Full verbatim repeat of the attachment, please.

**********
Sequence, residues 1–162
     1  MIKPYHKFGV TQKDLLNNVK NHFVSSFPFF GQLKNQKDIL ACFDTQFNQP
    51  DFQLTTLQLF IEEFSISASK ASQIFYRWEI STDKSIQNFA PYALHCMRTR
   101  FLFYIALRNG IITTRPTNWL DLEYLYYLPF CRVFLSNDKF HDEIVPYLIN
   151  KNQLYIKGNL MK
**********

Sequence, residues 1–162
     1  MIKPYHKFGV TQKDLLNNVK NHFVSSFPFF GQLKNQKDIL ACFDTQFNQP
    51  DFQLTTLQLF IEEFSISASK ASQIFYRWEI STDKSIQNFA PYALHCMRTR
   101  FLFYIALRNG IITTRPTNWL DLEYLYYLPF CRVFLSNDKF HDEIVPYLIN
   151  KNQLYIKGNL MK